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Star Mica Pre-owned Condominium Division

2011 11th Porter Prize Winner Real estate
Created a market for pre-owned, family-type apartment units

Industry Background

There are four strategic groups in the real estate investment industry for used apartments. One group focuses on vacant family-size units (typically larger than 50 square meters), which it renovates and sells. Since this does not require a large capital investment, small and medium-sized providers of remodeling services are the main players. To minimize the risk of a decline in prices, they aim to sell as quickly as possible, and hold onto a unit for three months on average. The second group focuses on apartment buildings and office buildings. They purchase a building, improve rental fees and occupancy rates, and then sell that building to an investment fund. As participation in this segment requires large amounts of capital, large real estate investors such as Real Estate Investment Trusts (REITs) are here. Players can make huge profits in just a single deal, but when real estate prices are declining it is not easy to make a profit. The third group focuses on one-room apartments (units typically smaller than 30 square meters). They buy apartment units under lease and sell. Most of the sellers and buyers are investors. They hold onto a unit for three months on average. The fourth group is a new category created by Star Mica.

Executive Summary

Star Mica focuses on family-size apartments (rather than apartment buildings) under lease contract, specifically units which are in the middle price range (between 20 million yen and 30 million yen) and at least 10 years old. Star Mica buys an apartment unit, and holds that unit until the tenant moves out. It then renovates the apartment and sells it to customers who will live there, rather than to individuals seeking an apartment merely for investment purposes. This is a new type of strategic positioning that did not exist prior to Star Mica's entry into the market.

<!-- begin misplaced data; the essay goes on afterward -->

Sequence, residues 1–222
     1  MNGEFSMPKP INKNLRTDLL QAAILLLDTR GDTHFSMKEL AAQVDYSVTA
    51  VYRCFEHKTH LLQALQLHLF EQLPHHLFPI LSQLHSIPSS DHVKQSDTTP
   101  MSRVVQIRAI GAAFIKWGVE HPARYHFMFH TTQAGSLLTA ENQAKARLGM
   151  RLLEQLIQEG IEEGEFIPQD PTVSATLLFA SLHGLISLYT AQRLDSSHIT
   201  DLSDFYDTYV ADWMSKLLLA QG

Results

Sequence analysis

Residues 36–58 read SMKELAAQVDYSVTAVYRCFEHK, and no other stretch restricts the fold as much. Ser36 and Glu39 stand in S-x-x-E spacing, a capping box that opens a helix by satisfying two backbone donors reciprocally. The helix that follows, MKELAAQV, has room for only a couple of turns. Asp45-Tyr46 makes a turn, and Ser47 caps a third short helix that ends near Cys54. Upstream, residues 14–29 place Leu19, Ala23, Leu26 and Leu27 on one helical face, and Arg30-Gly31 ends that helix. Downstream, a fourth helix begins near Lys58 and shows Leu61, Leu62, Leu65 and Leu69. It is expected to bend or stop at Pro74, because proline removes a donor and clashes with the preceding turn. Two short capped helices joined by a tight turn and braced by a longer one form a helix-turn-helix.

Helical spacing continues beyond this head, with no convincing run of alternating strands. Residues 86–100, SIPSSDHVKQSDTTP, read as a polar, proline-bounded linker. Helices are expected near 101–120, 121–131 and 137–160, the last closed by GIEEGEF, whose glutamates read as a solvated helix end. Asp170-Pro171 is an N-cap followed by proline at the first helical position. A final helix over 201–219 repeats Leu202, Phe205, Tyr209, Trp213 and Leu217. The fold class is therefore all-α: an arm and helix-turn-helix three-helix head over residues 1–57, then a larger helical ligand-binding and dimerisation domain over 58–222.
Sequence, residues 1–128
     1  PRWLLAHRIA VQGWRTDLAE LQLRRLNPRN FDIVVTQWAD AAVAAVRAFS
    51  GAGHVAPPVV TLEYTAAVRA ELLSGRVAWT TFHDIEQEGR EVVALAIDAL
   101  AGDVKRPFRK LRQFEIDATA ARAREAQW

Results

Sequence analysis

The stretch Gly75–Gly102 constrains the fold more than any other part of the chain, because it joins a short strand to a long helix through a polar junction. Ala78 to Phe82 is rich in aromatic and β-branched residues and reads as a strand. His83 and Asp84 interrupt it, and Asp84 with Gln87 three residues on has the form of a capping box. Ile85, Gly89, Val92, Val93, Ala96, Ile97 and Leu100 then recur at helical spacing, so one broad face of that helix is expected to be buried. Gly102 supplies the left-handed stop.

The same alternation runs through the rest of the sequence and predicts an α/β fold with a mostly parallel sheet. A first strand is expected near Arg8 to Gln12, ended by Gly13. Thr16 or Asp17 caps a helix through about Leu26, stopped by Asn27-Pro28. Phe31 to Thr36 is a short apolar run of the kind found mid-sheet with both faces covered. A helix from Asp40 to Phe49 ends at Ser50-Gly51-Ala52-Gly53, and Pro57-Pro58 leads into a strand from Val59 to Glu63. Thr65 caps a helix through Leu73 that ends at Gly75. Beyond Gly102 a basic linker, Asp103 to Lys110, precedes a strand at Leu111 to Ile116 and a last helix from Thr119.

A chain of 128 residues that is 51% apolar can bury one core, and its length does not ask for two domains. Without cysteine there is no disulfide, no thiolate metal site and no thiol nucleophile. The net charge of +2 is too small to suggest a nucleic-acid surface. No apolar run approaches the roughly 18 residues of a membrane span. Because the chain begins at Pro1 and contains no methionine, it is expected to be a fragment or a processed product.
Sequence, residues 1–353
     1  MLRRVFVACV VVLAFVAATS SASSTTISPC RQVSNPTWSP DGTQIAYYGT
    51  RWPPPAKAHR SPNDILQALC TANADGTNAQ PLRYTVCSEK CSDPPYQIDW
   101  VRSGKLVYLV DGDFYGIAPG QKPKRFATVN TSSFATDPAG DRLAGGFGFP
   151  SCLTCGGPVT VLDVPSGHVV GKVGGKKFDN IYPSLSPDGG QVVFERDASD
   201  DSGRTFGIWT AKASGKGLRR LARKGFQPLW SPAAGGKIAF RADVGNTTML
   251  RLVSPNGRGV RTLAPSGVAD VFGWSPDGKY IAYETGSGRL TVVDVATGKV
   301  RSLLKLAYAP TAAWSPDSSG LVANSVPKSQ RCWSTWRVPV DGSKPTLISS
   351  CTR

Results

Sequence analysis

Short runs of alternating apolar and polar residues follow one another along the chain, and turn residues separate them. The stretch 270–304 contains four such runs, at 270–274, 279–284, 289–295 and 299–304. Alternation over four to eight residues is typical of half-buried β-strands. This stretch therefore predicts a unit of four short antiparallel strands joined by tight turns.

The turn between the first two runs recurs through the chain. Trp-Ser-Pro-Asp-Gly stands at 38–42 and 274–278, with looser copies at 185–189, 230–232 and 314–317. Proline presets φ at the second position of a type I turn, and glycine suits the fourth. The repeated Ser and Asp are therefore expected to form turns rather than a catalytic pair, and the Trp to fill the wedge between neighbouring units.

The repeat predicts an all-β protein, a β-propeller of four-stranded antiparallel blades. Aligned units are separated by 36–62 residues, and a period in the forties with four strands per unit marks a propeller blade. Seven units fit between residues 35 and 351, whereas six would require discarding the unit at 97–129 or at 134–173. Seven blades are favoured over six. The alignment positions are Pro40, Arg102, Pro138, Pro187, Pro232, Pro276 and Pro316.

Behind this strategy is the low level of liquidity for apartment units under lease contract. As a result, there is a thirty percent price gap between vacant apartment units and those under lease. Japanese law protects tenants, and the landlord cannot force tenants to move out. Although it may sound easy to imitate this strategy once this price gap is noticed, it is not. There have been many attempts to imitate Star Mica, be nobody has ever succeeded.

Two factors contribute to this inimitability. First, there is a trade-off between Star Mica's strategic positioning and that of incumbents. Star Mica does not rely on upward price trends in the real estate market. Neither does it go after big deals (ones on a scale of hundreds of millions of yen per deal). On the contrary, the scale of investment per deal for Star Mica is much smaller, and it can profit in the case of both upward and downward trends in prices. Also, its approach to market risk is different from the approaches used by others in the industry. Incumbents aim to shorten the holding period, while Star Mica aims to hold onto a large number of apartment units with relatively stable prices.